US 3326203 A
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J1me 1967 G. GOERTZEL INFANT INCUBATORS Filed Nov. 14, 1963 INV ($33M in? ATTORNEY United States Patent Ofiice 3,326,203 Patented June 20, 1967 3,326,203 INFANT INCUBATORS Gerald Goertzel, White Plains, N.Y., assignor to Air Shields, Inc., Hatboro, Pa., a corporation of Delaware Filed Nov. 14, 1963, Ser. No. 323,736 1 Claim. (Cl. 128-1) This invention relates to incubators and is especially concerned with infant incubators, particularly for premature infants.
In many infant incubators it is customary to provide armholes or access ports in one or more side walls of the hood of the incubator to enable the giving of attention to the infant while the infant remains within the incubator. For certain purposes it is desirable to provide for more complete access to the infant than is practical by the use of the armhole type of access port, and in most of the prior incubators, such additional or more complete access was obtainable only by removing or lifting the hood of the incubator so as to substantially completely uncover or expose the infant support or mattress.
The present invention contemplates an incubator in which, in addition to the commonly provided armholes or access ports, there is also provided an access door in a wall of the incubator, together with means enabling at least partial withdrawal of the infant support and thus of the infant out of the incubator for more complete access, without, however, requiring the lifting of the hood.
How the foregoing objects and advantages are attained will appear more fully from the following description referring to the accompanying drawing illustrating an incubator constructed according to the present invention and in which the single figure is an isometric view of the incubator with the access door above referred to in open position.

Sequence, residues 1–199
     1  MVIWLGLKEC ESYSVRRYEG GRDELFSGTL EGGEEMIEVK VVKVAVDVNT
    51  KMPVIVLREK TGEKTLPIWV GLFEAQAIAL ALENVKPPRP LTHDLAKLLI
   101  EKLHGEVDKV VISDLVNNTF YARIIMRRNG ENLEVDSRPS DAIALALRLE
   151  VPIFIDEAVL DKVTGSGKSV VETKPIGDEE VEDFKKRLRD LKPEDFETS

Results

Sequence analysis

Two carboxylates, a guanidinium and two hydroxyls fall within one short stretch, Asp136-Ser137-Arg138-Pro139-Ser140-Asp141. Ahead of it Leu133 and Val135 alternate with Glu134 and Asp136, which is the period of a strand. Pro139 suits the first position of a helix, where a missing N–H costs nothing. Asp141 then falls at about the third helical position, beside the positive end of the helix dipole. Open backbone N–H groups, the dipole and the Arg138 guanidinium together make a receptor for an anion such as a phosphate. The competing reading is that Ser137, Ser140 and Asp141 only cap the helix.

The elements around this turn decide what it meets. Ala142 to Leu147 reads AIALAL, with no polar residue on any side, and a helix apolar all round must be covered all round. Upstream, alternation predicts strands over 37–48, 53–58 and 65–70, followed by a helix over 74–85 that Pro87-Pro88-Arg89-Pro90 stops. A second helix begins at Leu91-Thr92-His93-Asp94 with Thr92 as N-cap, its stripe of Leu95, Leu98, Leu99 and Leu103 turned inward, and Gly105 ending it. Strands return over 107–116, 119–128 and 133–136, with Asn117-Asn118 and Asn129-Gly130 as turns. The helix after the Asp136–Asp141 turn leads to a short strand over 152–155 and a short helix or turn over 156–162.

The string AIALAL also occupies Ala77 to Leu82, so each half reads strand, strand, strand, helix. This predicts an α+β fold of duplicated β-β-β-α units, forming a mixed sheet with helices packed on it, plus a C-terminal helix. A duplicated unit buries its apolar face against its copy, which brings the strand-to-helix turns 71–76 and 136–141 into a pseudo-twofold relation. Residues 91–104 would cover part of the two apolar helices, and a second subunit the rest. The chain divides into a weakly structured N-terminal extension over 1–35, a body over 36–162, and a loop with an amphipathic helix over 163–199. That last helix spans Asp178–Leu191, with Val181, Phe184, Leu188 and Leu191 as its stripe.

Referring to the drawing the incubator is adapted to be mounted on a base 1, preferably carried by casters 2, the base having appropriate equipment therein for conditioning the air circulated through the incubator, all of which equipment forms no part of the present invention and therefore need not be considered herein. At the top of the base is mounted the hood of the incubator indicated gen erally by the numeral 3, this hood desirably being made of transparent wall panels, for instance panels made of polymethyl methacrylate such as that available in the market under the trade names Plexiglas and Lucite. The hood is generally of oblong plan form, having side walls 44a, a top 5, a wall 6 at one end, and a door 7 which constitutes the other end wall when the door is in closed position.
On top of the base 1 and within the hood 3 tracks 8 and 9 are provided for mounting a mattress support 10 on which the mattress 11 is carried. Tracks 12 and 13 similar to tracks 8 and 9 are provided on the inside surface of the door 7, the tracks 12 and 13 preferably being aligned with tracks 8 and 9 respectively. Tracks 8 and 12 may desirably comprise a simple strip, but tracks 9 and 13 preferably are arranged to interengage with track guides 14 provided on the underside of the mattress support 10 and presenting a downwardly open groove in which the tracks 9 and 13 are received, thereby providing for guiding of the mattress support when it is moved lengthwise of the tracks. This will prevent undesired cocking of the mattress support.